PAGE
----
A homeowner should consider a mortgage disability policy if the premiums are substantially less than buying additional general disability insurance. General disability insurance, however, offers more versatile, robust coverage.

Expert Advice Badge

Dr. Nicole Maestas

Associate Professor, Harvard Medical School’s Department of Health Care Policy
Director, Retirement and Disability Research Center, National Bureau of Economic Research

“While general disability insurance payments may enable someone to continue making their mortgage payments, they may also help them pay for other important needs such as food, clothing, out-of-pocket costs for medical care, devices or prescription drugs.”

Who should get mortgage disability insurance?

Anyone with a mortgage may be interested in getting a policy, but ideal candidates for mortgage disability insurance are:

  • People in a high-risk occupation
  • People who don’t have existing disability coverage through work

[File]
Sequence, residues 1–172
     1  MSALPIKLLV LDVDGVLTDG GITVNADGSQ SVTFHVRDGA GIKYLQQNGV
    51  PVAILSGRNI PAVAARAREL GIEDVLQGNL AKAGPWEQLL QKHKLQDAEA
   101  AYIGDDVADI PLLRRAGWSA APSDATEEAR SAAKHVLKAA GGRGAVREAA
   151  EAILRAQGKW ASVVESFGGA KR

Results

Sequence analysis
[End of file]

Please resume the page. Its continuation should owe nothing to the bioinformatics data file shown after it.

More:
• People who can’t get traditional long-term disability coverage

“Since most of these policies are simplified or even guaranteed issue, people with health conditions can benefit from them, as well,” Anthony adds. “If you work in a hard-to-insure occupation, such as restaurant service, then mortgage disability insurance may be your only option to protect yourself and your home.”

How can you get mortgage disability insurance?

You can apply for a mortgage disability insurance policy through your mortgage lender after you close on your home. You also can get a policy by applying directly through an insurance provider or an independent insurance agency.

Most mortgage disability policies are either simplified or guaranteed issue.

The underwriting requirements for these policies aren’t as strict. That means you’ll likely pay a higher premium for mortgage disability insurance but get less coverage.

On the other hand, long-term disability insurance often requires a medical exam and questions about your health. Long-term disability can be cheaper, but you may have more trouble with eligibility based on your health history and employment.

“Minor health issues, such as high blood pressure, controlled diabetes or cholesterol, to name a few, are not going to prevent you from qualifying (for mortgage disability insurance),” Martin says. “Mortgage disability policies are more forgiving than traditional disability insurance when it comes to pre-existing health conditions and it is easier to get an approval.”